Is the traditional vacation broken?
Your first response might be an emphatic 'No!' What's not to like about sitting on a sun lounger sipping an umbrella cocktail, after all? But if you think about the larger vacation experience for most working Americans, cracks begin to appear.
First, there's the fact that so few of us actually take all our available vacation time. Plus, you need to factor in the plague of vacation guilt among entrepreneurs, the travel companions you annoy with you constant device checking, and the horrible, post-vacation re-entry shock caused by your exploding inbox. Looked at more globally then, there's plenty of room for improvement when it comes to the average holiday.
And if there's one thing entrepreneurs like it's a problem in need of fixing. Perhaps that's why a pair of business owners have recently spoken out about their attempts to innovate the vacation, rethinking the traditional getaway to better suit the realities of life as a 21st century business owner.
First up is serial entrepreneur and author of Careercation: Trading Briefcase for Suitcase to Find Entrepreneurial Happiness David Niu, who recently spoke with Knowledge@Wharton about his radical, new approach to the family holiday. His idea? Forget a measly week or two in the sun.
"I did not want to wait until I was 67 and a half years old and getting Social Security and having a lot of time on my hands, but not a lot of help, [to travel]," he tells Wharton. "I thought, instead of taking the traditional route that society expects of me, I am going to break out my retirement throughout my career and take longer vacations to really recharge and refresh and get different perspectives instead of saving it for my old age."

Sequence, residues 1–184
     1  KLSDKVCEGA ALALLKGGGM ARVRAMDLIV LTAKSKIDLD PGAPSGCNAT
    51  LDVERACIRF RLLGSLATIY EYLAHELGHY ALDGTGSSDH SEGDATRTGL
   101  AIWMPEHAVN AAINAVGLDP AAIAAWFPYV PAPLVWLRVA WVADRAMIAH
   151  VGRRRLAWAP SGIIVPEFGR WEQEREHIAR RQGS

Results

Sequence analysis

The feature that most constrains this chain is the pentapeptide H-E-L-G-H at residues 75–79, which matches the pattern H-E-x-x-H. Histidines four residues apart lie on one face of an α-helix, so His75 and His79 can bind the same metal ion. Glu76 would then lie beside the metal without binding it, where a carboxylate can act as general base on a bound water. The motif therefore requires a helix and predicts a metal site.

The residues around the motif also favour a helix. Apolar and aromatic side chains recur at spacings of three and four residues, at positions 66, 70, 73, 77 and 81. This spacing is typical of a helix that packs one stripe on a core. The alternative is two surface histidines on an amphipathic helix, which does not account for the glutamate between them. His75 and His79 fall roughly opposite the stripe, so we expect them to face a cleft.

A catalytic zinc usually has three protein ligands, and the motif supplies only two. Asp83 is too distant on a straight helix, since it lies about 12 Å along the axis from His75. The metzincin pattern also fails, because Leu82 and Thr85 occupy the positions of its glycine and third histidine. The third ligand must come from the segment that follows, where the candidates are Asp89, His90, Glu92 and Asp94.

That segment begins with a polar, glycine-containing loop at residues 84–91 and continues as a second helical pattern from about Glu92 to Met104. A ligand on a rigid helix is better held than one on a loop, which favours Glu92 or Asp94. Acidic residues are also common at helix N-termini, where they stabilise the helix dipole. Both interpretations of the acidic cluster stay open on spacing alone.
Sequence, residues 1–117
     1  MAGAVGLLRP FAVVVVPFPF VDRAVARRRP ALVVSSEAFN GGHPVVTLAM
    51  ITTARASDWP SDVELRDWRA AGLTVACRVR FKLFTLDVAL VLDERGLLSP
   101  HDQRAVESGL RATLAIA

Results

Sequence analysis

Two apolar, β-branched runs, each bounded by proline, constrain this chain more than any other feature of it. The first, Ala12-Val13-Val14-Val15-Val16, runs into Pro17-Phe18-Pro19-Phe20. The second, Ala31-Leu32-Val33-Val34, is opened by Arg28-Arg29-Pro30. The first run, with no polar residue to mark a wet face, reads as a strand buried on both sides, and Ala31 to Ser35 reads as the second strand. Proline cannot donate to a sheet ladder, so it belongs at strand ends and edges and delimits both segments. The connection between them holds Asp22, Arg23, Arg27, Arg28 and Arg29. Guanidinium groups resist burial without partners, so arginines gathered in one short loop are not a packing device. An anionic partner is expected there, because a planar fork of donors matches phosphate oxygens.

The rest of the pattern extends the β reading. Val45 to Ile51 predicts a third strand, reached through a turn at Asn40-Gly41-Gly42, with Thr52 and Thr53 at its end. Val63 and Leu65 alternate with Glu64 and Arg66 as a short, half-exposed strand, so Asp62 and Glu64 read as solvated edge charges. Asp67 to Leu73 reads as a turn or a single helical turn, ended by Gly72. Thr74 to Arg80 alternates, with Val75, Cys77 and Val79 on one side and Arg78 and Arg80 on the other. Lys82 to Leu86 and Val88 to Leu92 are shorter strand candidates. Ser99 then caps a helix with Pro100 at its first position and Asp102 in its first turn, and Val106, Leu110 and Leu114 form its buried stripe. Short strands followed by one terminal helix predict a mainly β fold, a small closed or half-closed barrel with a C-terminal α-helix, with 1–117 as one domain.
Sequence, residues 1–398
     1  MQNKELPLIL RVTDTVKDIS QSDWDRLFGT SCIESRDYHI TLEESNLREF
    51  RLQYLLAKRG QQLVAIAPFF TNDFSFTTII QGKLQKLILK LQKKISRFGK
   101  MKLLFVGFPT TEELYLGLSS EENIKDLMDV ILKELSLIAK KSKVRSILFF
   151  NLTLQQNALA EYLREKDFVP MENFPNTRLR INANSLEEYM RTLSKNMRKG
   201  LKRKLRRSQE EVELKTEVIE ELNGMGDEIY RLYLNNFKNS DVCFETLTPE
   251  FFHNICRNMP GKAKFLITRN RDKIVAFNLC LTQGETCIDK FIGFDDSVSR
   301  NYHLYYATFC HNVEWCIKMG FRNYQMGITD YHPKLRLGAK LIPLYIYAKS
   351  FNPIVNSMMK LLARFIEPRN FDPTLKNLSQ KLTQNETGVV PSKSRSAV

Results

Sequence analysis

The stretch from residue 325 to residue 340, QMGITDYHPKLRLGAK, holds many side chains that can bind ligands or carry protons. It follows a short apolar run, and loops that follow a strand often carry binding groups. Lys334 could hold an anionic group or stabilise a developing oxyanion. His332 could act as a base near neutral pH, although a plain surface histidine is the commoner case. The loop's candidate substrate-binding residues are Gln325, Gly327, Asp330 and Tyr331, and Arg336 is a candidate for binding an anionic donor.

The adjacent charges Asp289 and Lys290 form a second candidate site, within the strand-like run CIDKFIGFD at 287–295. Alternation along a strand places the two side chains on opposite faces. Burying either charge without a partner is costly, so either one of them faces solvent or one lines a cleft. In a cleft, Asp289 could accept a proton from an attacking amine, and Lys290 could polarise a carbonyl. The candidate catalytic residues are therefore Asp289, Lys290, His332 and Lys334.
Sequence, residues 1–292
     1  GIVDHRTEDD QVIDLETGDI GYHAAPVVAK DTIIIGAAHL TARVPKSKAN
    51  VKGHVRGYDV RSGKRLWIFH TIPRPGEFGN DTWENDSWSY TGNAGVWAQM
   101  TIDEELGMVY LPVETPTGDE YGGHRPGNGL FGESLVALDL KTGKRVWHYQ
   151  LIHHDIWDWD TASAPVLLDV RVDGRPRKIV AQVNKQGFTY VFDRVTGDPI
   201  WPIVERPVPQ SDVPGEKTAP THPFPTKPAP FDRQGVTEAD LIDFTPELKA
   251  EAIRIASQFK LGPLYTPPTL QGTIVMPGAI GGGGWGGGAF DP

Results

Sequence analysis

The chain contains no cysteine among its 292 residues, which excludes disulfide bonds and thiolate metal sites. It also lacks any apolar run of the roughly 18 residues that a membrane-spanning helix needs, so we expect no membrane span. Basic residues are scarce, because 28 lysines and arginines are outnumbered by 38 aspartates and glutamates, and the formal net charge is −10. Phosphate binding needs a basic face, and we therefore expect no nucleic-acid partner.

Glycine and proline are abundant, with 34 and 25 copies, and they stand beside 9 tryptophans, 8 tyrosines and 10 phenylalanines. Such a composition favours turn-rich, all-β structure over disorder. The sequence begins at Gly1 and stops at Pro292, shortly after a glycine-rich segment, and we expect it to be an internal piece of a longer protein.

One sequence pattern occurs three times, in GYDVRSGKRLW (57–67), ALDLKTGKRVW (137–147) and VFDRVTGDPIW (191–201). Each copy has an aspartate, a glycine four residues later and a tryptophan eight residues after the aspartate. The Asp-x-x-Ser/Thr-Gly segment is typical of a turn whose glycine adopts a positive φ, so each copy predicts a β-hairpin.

In practice that looked like a burnout-busting, ten-month trek through New Zealand, Australia, Korea, China, Vietnam, Hong Kong, and Taiwan with his wife and young daughter, interviewing CEOs to gather material for his book along the way.
It might sound like a radical option, but Niu insists more people should consider these crazy-sounding possibilities. "When we told people that we were going to take this careercation and start traveling with my young family, most people thought we were crazy," he reports, "but at the end of the day, it was not that bad at all. We had a fantastic time, and we redefined what we wanted to do and what we wanted to get out of life. I thought that was a really critical lesson for me. A lot of other people who get stuck in a rut may want to try something different. It is okay to do something that other people might [not support]."
He's not the only one highlighting the possibilities of extended work-travel trips (and no, all these people aren't independently wealthy, single 20-somethings).
No More 'Back to Work'
While Niu's approach was a far more profound break from the normal work-rest rhythms than most of us are accustomed to, developer Phil Leggetter is taking the opposite tack when it comes to innovating vacations. Rather than put a more complete and lengthy space between the different spheres of life, on Medium recently he vowed to give up his frustrating and fruitless efforts to separate work and rest.
His attempts to find a traditional "work-life balance" were simply exhausting and stressful, he confesses. "Work Life Balance seems to suit the traditional 9 to 6 best. It assumes that you can--and want to--turn off when you clock off. I believe that self awareness is important which leads me to believe that Work Life Balance isn't for me," he writes. What is he now opting to pursue instead?
"Define times during which I do still have a 100 percent family or work focus. For example, family activities and pre-arranged meetings (like the stand-ups the BladeRunnerJS team have every morning at 10am). But outside of those times I'm going to give myself the flexibility to explore and define the Work Life Integration pattern that suits me best," he says. That means "no more 'back to work' and no more holidays. Instead I'll have periods where the general focus is work or family, but these things aren't mutually exclusive."
Are your vacations workings for you as well as they could? Would either of these approaches work better?